An article published in “The Astronomical Journal” reports the study of a nursery of stars in the great molecular cloud cataloged as W49A. A team of astronomers led by Professor Christopher De Pree of Agnes Scott College compared new observations conducted with the VLA (Very Large Array) at infrareds and radio waves of W49A’s central area with observations conducted with the same radio telescope between 1994 and 1995. The result is the identification of new activities with supersonic gas movements in three regions and a high-speed jet in one region.
Approximately 36,000 light-years away from Earth, the molecular cloud cataloged as W49A is a huge area containing various regions filled with molecular hydrogen where the conditions for star formation exist. For this reason, it’s been the subject of observation for decades with increasingly sophisticated instruments, including the VLA radio telescope. Following processes such as star formation takes extremely long times, but a few decades can already show some interesting changes from a scientific point of view.
Professor Christopher De Pree is a veteran of this research, and in 1997 conducted a study on the molecular cloud W49A together with colleagues David Mehringer and William Goss whose results were published in “The Astronomical Journal”. This is a study based on observations conducted with the VLA radio telescope between 1994 and 1995.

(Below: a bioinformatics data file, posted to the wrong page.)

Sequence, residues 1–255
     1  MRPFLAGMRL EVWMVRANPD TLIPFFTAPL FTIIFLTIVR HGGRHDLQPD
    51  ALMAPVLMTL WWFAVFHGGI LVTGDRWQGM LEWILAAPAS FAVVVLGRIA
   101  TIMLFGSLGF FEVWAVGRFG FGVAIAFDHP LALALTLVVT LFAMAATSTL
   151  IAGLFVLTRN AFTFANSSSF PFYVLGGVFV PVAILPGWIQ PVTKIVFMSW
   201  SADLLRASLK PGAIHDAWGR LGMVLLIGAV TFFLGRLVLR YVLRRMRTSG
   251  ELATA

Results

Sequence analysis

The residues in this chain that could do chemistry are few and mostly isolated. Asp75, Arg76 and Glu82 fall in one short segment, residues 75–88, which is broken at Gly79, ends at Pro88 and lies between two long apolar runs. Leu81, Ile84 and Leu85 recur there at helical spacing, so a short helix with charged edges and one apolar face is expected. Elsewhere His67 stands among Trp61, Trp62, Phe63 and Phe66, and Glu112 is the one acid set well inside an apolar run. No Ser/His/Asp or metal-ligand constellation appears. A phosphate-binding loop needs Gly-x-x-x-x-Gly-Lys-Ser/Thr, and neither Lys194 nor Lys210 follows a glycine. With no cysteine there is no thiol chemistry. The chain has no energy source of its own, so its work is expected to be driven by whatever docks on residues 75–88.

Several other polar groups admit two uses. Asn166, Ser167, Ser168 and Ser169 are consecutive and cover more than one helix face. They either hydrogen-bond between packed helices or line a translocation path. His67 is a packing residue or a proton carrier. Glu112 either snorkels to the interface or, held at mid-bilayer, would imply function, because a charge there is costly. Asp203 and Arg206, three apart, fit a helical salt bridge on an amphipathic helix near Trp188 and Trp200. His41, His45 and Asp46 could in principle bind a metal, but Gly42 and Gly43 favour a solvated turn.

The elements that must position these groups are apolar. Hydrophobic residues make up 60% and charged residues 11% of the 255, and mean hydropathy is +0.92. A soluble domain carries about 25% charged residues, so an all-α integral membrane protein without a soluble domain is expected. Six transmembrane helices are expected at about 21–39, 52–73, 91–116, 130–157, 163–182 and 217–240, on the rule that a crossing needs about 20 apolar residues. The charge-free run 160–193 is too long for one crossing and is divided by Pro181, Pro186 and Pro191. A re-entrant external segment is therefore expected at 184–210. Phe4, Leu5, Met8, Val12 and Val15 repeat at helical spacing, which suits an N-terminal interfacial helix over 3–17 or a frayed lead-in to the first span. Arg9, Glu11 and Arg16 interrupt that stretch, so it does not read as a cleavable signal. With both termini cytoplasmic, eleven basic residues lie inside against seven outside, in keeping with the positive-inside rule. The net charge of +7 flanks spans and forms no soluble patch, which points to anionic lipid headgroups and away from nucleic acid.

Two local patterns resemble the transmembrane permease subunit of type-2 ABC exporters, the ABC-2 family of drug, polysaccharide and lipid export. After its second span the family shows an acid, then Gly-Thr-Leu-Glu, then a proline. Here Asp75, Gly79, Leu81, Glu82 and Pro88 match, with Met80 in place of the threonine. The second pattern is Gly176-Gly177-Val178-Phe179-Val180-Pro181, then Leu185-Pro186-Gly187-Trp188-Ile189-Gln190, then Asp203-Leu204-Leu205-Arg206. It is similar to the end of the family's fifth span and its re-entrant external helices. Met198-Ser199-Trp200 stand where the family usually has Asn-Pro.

De Pree and Goss have now conducted a new study together with other colleagues that includes observations conducted with the VLA between 2015 and 2016. More data was collected in 2015 with another radio telescope, the French NOEMA (Northern Extended Millimeter Array), the most powerful instrument of its kind in the Northern Hemisphere at millimeter wavelengths.
The result of the comparison between observations conducted twenty years apart is the discovery of high-speed jets in one region of the molecular cloud W49A and gas moving at supersonic speeds in three different regions. In one region there was an unexpected reduction in brightness on radio waves. The image below (DePree, et al .; Sophia Dagnello, NRAO/AUI/NSF) shows W49A as seen by the VLA radio telescope with closeups of regions where hydrogen gas is ionized by ultraviolet radiation from young stars.
To get more details on the star formation processes taking place in the W49A molecular cloud and the interactions between the young stars inside it and the rest of the cloud, the astronomers intend to continue their observations. These are really long-term researches, as they concern processes that from a human point of view are extremely slow.